There are bound to be different angles of portrayal when various people are asked to describe the city of Lagos. In a situation which hinges on personal truths, every narrative is a culmination of each person’s experiences within the city.

Common unifying threads tying these various angles together can be easily identified, but the varying shades of disparities in individual stories is what gives the city its fitting multicolored panorama.

Over a week ago, I had a conversation with a friend who recently travelled back to Australia following a 7-month work stay in Lagos. While we often struck up jumbled conversations about her adjustment to Lasgidi during her stay, this particular conversation took a clearer and more concise outlook. With the tonal difference being attributed to the time she’d taken to piece together and crystallize the effects Lagos had had on her. Each minor and major event coalescing into her conclusive takes.

Repeatedly listening to Fela’s ‘Monday Morning In Lagos’ before traveling in didn’t mean that my friend was ready for the gridlock in transit, both to and from work.

And watching Nollywood flicks didn’t mean she would find it easy to navigate through real life conversations with Lagosians. The fun and the stress were eons more than she expected.

Nothing fully prepares visitors for the throbbing energy of Lagos. Ideas can be formed from other people’s narratives with pictures on the internet to create an imagery, but they barely ever translate the visceral feeling of experiencing those events.

Her experiences – good and bad, trivial and consequential have given her a rolodex of memories, all of which eventually informed her currently formed opinions of Lagos and its inhabitants. Experiences and opinions she has shared with me and will inevitably share with other people interested in listening to stories about her trip.

Chopping it up with my friend opened up a similar faucet of feelings I felt upon my first listen to Somi’s 2014 album, The Lagos Music Salon. Recommended to me by a friend in 2015, Salon is a representation of many of the feelings experienced on sublime wax.

Born to and raised by parents of Ugandan and Rwandan descent in Champaign, Illinois, Somi is a singer/songwriter with heavy leanings towards jazz music. Her incorporation of African languages and progressions of origins from African music is aptly described by the self coined term, New African Jazz music. Considered her most definitive body of work, The Lagos Music Salon was borne out of her experiences during her extended stay in Lagos which lasted for over a year.

Taking inspiration from events, encounters and observations, Somi relates her experiences and also explores matters of varying complexities, especially those related to womanhood. On Salon, Somi’s easy-to-fixate writing and warm, wide-ranging vocals are emboldened by a functional sonic bridge which gorgeously binds jazz and music genres native to Nigerians like Juju, Highlife, Afrobeat, and Afro-pop.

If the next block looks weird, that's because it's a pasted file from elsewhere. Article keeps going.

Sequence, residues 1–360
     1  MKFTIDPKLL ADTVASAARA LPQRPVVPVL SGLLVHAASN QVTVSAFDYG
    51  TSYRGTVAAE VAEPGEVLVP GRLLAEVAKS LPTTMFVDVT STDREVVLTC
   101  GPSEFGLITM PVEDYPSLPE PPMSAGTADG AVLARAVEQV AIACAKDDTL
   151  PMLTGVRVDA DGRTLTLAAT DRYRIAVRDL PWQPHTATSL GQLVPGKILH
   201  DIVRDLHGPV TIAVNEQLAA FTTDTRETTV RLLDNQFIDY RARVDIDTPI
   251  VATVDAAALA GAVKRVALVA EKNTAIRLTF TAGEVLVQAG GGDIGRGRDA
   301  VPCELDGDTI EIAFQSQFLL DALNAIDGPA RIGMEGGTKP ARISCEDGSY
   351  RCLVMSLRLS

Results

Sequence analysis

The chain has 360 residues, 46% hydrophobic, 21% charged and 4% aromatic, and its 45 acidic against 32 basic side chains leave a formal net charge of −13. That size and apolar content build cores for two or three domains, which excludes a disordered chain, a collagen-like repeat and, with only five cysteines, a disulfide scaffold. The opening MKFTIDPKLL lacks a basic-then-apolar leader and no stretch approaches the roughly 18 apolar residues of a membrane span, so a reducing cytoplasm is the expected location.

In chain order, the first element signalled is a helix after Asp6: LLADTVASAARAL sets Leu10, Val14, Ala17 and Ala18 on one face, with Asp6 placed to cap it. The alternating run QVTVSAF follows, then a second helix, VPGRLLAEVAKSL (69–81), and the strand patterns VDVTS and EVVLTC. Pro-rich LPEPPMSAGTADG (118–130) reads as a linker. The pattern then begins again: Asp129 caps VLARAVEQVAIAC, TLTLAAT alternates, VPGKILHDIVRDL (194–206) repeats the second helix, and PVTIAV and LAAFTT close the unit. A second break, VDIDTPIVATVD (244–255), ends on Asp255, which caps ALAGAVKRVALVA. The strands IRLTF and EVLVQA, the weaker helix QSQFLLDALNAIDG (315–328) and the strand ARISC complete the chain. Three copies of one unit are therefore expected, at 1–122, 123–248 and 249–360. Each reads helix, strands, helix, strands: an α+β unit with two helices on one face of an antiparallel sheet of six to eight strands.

In documentary-esque fashion, the album begins with Somi’s encounter with custom agents upon her arrival at the airport on ‘First Kiss: Eko I Ni Baje’. Skits like the intro, featuring conversations with different people are sprinkled on the album, giving it the inclusive feel of regular Lagos folks – from the comedic relief of ‘The Story Of Monkey’ to the camaraderie of communal gossip on ‘Hearts & Swag’. An uncredited female narrator cum adviser is featured on ‘Four.One.Nine’, a song about rejecting the fleeting promises of fraudulent lovers who are quite prominent in Lagos.

In singing about love on Salon, Somi employs pristine songwriting, with intermittent use of words from pidgin and Yoruba – both important languages for communication in Lagos. ‘Akobi: First Born S(u)n’ blends twinkling keys, guitar licks and rolling Yoruba local percussions to form a light, sexy jam, on which Somi asks to be the only one for an unnamed lover. The verses are delivered in English, with the immaculate hook cleanly sung in Yoruba.

‘Love Juju #1’ is a blue-eyed song about being charmed with a love potion, with a similarly hypnotic groove heavily influenced by juju music. ‘Love Juju #2’ is a jazzy rework of ‘#1’, retaining the ethos and lingo. A standout moment is a flowery rework of Nelly Uchendu’s ‘Love Nwantiti’, featuring gospel music group, In His Image. ‘Love Nwantiti’ is filled with gorgeous harmonies, a mellifluous song that personifies the proverbial stomach butterflies when in love.

The late great Fela, who made Lagos his home during his lifetime gets a rework of his 1972 mansplaining classic, ‘Lady’. The ever delightful Angelique Kidjo is featured on ‘Lady Revisited’, on a song rearranged to contain lyrics with feminist proclamations. The cross-rhythmic Afrobeat  groove of the original remains at the core, albeit with a little more compacted, intricate setting. It is moments such as this where Somi focuses on topical issues related to women that Salon hits high points of emotional crescendo.

The softly stirring and highly captivating ‘Two Dollar Day’ is a heartbreaking depiction of the plight of a single mother struggling to make ends meet in an unforgiving economic terrain. Although her voice is airy over the ethereal jazzy afro-soul palette, Somi’s description of the woman’s difficulty in commuting back home from work due to little pay, high fuel prices and bus fares is quite heavy.